Monday, November 3, 2014

Connections between Ebola, primates, and the bush meat trade

You may or may not have heard by now that many outbreaks of the deadly Ebola virus originated when people handled or ate animals infected with the virus. For those who need a refresher, a virus is an infective agent that is only able to multiply inside a host's living cells; a virus may cause an infection or disease. Fruit bats, primates, porcupines, and other animals can all carry the Ebola virus. It is only when a person touches or ingests the infected animal's bodily fluids (blood, sweat, mucus, etc) that a person risks infection. So, if you pet a chimpanzee on the head, which you're not crazy enough to do, you wouldn't risk getting sick, even if that chimpanzee was infected with Ebola (unless that chimpanzee had a very sweaty head). If you ate that chimpanzee for dinner though, you would risk contracting Ebola.

You may prefer a steak from a cow, but not everyone does
Photo credit: public domain

And there lies the connection between primates, Ebola, and the bush meat trade. Bush meat, or meat from animals that are not domesticated (bred or trained to need and accept the aid of humans), can be a primary source of protein for those living in Africa. Animals may be hunted by individuals simply to feed their own family, or animals may be hunted for commercial profit. More and more urban areas are consuming bush meat though, and in some instances this meat is even seen as a prized delicacy, a symbol of status and wealth.

As you've probably realized by this point, the bush meat trade can cause several problems. For starters, people may consume animals that are endangered or threatened, lowering their already low numbers. In Africa, the bushmeat trade is the most significant immediate threat to wildlife. While hunting primates and other wildlife to feed your family may or may not be sustainable depending on how the quantity and frequency of hunting, the abundance of the hunted animal, and other variables, the commercial bush meat trade is definitely not sustainable. Infant primates or other young offspring will die if their mother is hunted, leading to more loss. Concerning today's topic though, consuming bush meat leads to the transfer of disease from animals to humans. Thus, the bush meat trade is not only bad for the wildlife in the dinner pot but it's also sometimes quite bad for the humans eating out of the pot.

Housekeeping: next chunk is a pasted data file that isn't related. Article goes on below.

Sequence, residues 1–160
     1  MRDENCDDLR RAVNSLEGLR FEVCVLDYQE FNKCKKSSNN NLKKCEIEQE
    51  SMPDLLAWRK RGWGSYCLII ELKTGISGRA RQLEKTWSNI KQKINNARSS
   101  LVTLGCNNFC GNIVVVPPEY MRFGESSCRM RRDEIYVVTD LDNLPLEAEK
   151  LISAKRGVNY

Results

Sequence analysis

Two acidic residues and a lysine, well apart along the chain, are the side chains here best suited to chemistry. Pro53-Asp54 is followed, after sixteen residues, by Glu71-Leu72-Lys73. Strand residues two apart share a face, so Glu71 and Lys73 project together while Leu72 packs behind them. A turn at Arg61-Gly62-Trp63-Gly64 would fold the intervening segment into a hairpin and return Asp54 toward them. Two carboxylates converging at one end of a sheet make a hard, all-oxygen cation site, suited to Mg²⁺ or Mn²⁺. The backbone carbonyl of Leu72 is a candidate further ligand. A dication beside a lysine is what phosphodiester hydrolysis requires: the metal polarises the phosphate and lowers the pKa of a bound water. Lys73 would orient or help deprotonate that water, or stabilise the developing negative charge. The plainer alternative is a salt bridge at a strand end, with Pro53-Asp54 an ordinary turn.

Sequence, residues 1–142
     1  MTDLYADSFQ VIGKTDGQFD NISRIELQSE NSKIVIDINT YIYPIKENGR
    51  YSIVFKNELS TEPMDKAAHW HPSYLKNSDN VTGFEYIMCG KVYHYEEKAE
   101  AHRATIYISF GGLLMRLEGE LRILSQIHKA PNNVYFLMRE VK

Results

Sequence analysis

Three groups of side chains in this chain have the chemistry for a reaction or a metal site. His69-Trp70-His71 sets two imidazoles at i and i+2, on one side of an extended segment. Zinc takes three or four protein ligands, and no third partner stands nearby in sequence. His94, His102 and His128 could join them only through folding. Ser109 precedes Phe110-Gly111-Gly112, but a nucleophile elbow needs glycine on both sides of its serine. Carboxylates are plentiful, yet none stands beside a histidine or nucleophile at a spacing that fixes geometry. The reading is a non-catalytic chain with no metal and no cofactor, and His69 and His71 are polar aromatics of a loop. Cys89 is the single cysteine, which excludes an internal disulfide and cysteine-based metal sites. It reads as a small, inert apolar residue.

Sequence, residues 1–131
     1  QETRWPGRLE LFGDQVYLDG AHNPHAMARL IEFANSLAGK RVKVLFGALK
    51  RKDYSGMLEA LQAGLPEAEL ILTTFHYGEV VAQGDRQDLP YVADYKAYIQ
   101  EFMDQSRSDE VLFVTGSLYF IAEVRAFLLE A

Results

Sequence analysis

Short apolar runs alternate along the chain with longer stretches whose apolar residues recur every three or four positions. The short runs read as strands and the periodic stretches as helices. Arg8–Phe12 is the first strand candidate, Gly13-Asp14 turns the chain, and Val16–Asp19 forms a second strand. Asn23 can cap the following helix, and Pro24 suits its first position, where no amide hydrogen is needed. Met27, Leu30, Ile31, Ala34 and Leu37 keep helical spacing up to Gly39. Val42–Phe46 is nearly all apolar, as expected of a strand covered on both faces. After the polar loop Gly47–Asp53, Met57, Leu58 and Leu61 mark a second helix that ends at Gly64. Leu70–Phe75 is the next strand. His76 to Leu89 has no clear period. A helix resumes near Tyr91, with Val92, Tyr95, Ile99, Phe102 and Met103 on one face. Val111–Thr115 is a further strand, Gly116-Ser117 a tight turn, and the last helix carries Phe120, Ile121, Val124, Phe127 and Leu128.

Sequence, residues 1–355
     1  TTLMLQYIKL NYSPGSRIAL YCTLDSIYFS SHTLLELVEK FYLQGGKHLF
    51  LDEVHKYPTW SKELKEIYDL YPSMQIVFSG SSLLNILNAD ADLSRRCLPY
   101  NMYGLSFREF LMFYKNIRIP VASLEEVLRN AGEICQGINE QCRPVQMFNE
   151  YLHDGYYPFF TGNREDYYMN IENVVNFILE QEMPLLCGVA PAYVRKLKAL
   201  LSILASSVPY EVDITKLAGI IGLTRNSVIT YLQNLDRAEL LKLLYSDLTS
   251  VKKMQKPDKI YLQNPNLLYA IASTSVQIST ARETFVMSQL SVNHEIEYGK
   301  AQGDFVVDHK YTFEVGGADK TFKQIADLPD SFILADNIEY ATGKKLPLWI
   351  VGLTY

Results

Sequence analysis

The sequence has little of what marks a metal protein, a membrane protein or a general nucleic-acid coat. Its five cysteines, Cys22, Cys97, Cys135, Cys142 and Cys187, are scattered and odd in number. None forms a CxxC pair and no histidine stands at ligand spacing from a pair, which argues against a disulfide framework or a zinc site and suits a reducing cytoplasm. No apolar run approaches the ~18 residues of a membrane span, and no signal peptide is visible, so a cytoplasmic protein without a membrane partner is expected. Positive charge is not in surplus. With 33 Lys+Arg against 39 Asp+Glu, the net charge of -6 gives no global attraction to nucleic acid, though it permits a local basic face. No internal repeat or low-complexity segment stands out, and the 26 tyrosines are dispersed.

Bush meat in Ghana
 While the Ebola virus is thought to have originated in fruit bats, primates and other animals can carry it as well. Primates are especially a problem because we're so closely related to them. It's very easy for us to contract diseases from primates compared to animals we're not as closely related to. You may have heard that we share 98% of our DNA with chimpanzees, for example. Well, this close genetic relationship means that many of the diseases we can contract can be contracted by non-human primates too and vice versa. Hepatitis and herpes B can be transmitted from animal to humans, HIV originated in chimpanzees as SIV, and tuberculosis or TB can easily be transmitted from humans to non-human primates.

So in areas where bushmeat is the only source of animal protein available, you may purchase some meat at the local market, take it home and serve it up to your family for a filling dinner, and have unknowingly served an animal that was sick and infected with Ebola. While at first it may seem easy to place the blame on those consuming bushmeat, remember that many have consumed bush meat before without getting sick and may not realize that this is how the disease is transmitted. Those selling bush meat depend on this income to support their families. If people are educated on how Ebola is contacted and how unsafe bush meat is, the demand for it will hopefully decrease, preventing future outbreaks. Providing safe sources of animal protein may be another step towards decreasing the demand for bush meat.

Food for thought: How does this post connect with cultural relativism?

No comments:

Post a Comment